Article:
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Epidemiology of shivering (shivers) in horses

Authors


Summary

Reasons for perfoming study

Investigating the epidemiology of shivering in horses.

Objectives

The purpose of this study was to characterise the signalment, clinical signs and management factors associated with shivering (also known as shivers), a relatively rare, poorly defined movement disorder in horses.

Study design

Web-based case series survey and case–control study.

Methods

A Web-based survey was used to obtain information from owners, worldwide, who suspected that their horse had shivering. Survey respondents were asked to answer standardised questions and to provide a video of the horse. Authors reviewed the surveys and videos, and horses were diagnosed with shivering if they displayed normal forward walking, with difficulty during manual lifting of the hoof and backward walking due to hyperflexion or hyperextension of the pelvic limbs. Cases confirmed by video were designated ‘confirmed shivering’, while those with compatible clinical signs but lacking video confirmation were designated ‘suspected shivering’. Owners of confirmed shivering horses were asked to provide information on 2 horses without signs of shivering (control group).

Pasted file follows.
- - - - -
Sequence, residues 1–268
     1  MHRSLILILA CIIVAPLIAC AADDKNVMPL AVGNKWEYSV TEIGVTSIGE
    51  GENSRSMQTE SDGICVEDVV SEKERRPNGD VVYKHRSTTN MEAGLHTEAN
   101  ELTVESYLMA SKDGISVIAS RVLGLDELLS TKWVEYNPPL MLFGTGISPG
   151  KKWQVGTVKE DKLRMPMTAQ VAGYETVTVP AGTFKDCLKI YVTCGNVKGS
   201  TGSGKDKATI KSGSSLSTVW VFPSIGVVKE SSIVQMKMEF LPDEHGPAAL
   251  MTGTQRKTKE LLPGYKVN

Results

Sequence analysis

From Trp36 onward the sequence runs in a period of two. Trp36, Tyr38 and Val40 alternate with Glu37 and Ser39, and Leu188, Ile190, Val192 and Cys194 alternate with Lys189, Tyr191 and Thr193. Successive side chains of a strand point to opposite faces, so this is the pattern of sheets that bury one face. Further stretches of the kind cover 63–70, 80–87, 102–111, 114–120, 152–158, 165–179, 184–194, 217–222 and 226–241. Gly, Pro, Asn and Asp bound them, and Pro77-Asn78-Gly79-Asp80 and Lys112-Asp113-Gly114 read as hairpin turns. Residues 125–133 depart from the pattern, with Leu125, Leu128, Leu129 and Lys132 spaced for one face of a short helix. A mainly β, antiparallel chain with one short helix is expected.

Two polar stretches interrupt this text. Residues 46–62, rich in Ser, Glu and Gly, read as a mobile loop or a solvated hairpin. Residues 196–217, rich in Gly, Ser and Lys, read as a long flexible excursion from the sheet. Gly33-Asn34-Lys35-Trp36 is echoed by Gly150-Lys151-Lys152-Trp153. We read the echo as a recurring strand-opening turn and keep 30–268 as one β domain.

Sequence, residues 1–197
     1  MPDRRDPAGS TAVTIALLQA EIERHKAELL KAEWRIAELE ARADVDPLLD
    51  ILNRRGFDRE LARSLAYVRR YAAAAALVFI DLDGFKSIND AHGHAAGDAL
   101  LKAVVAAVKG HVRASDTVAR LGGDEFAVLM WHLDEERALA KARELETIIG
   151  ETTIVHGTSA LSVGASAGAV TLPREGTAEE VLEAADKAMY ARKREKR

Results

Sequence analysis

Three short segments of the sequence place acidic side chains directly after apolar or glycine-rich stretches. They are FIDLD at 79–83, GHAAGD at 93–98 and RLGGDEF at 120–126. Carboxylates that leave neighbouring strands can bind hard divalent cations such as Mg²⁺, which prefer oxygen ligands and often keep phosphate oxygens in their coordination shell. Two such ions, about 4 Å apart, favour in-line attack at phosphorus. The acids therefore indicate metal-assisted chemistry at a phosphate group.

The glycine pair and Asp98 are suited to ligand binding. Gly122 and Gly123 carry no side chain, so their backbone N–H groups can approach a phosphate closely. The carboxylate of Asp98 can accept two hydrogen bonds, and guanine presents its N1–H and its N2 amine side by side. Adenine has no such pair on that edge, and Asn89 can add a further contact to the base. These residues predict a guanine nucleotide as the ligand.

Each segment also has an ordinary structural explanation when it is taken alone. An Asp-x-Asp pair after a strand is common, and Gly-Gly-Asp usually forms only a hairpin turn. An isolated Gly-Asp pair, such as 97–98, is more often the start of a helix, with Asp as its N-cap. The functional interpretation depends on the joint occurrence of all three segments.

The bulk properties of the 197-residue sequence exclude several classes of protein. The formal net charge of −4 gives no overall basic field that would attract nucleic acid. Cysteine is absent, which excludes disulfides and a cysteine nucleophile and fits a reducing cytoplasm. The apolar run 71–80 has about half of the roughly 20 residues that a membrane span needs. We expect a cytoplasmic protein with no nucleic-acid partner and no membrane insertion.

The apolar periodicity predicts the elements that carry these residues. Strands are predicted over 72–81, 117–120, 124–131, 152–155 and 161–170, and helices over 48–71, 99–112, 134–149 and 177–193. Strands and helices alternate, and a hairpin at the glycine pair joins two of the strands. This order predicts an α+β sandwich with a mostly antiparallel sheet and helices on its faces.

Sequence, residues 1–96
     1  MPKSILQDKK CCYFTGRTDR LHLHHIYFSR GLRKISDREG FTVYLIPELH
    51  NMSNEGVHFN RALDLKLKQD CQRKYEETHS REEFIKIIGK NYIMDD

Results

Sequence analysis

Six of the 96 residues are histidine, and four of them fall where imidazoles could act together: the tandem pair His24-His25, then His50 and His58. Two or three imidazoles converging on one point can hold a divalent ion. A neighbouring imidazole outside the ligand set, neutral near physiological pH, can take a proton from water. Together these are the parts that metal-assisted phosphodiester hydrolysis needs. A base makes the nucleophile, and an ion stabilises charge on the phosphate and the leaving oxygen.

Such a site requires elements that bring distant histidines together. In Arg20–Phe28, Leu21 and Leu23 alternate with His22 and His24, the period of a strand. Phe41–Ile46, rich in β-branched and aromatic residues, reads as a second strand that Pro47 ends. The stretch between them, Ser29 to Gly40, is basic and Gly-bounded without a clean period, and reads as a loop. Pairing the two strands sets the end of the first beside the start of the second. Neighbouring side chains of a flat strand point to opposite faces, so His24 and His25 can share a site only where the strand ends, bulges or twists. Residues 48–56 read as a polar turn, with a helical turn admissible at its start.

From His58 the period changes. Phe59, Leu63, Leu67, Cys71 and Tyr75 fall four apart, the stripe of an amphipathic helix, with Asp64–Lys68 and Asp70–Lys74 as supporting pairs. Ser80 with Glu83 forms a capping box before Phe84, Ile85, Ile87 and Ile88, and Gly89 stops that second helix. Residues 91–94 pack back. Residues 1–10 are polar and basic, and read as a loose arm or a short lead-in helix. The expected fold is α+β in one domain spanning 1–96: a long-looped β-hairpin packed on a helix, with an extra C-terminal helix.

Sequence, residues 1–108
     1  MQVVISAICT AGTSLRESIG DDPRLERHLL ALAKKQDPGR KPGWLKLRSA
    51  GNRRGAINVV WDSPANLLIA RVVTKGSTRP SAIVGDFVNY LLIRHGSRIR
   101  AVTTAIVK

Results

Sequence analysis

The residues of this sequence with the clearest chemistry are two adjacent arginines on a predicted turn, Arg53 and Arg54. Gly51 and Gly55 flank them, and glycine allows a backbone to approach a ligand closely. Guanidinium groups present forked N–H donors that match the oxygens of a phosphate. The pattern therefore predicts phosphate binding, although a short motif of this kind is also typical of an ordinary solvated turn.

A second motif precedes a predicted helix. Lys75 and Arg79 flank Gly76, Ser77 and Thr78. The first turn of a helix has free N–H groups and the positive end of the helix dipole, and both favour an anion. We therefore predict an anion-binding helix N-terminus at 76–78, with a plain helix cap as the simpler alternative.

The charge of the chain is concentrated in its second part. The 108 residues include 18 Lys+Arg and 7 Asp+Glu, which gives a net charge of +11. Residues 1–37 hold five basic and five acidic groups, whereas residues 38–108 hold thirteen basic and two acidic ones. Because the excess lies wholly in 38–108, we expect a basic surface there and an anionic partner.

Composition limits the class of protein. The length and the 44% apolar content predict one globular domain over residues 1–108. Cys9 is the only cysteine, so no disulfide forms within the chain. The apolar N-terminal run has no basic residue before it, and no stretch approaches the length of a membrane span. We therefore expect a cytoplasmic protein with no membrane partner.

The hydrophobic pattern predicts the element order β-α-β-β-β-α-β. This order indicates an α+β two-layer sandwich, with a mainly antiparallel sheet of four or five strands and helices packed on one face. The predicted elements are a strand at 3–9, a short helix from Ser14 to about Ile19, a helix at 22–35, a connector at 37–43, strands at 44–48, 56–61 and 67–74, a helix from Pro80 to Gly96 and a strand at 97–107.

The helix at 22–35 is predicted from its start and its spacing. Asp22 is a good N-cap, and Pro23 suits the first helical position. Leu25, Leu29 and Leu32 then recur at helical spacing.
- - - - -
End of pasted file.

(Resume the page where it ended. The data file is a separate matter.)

Results

Three hundred and five surveys and 70 videos were received; 27 horses were confirmed shivering (50 controls), 67 were suspected shivering and the rest had a variety of other movement disorders. Suspected shivering horses resembled confirmed shivering cases, except that the suspected shivering group contained fewer draught breeds and fewer horses with exercise intolerance. Confirmed shivering signs often began at <5 years of age and progressed in 74% of cases. Owner-reported additional clinical signs in confirmed cases included muscle twitching (85%), muscle atrophy (44%), reduced strength (33%) and exercise intolerance (33%). Shivering horses were significantly taller (confirmed shivering, mean ∼173 cm; control horses, ∼163 cm) with a higher male:female ratio (confirmed shivering, 3.2:1 vs. control, 1.7:1). No potential triggering factors or effective treatments were reported.

Conclusions

Shivering is a chronic, often gradually progressive movement disorder that usually begins before 7 years of age and has a higher prevalence in tall male horses.

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